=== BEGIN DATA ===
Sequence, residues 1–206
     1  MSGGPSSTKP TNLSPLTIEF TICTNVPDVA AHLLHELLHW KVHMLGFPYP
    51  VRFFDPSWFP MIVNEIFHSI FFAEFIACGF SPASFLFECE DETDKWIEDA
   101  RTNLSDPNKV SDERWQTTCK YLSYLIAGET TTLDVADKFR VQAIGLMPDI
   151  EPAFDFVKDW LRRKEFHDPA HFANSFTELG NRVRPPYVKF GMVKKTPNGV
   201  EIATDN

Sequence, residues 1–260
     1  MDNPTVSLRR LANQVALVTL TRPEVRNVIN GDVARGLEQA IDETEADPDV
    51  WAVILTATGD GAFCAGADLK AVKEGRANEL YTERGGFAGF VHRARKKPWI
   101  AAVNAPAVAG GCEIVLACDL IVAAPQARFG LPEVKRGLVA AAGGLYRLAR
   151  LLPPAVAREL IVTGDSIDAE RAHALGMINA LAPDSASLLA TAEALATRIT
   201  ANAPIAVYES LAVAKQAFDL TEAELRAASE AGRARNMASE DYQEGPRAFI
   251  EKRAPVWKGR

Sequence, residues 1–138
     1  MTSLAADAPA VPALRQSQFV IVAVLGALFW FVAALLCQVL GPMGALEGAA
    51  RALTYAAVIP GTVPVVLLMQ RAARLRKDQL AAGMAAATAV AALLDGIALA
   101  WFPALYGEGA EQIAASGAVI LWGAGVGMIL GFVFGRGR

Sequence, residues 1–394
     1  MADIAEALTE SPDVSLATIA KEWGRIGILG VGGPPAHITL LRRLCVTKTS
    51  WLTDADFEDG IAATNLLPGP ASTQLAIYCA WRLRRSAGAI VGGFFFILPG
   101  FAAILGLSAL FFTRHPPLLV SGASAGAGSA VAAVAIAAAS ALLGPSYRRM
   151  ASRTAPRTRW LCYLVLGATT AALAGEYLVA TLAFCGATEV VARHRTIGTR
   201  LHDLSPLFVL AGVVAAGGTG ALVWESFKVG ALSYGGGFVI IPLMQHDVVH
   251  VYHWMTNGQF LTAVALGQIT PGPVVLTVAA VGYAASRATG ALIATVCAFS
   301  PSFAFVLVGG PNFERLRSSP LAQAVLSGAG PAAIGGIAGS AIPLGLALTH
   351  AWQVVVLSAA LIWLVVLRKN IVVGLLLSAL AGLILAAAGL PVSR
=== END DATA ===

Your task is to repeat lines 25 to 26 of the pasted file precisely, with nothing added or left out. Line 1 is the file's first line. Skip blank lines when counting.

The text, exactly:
   301  PSFAFVLVGG PNFERLRSSP LAQAVLSGAG PAAIGGIAGS AIPLGLALTH
   351  AWQVVVLSAA LIWLVVLRKN IVVGLLLSAL AGLILAAAGL PVSR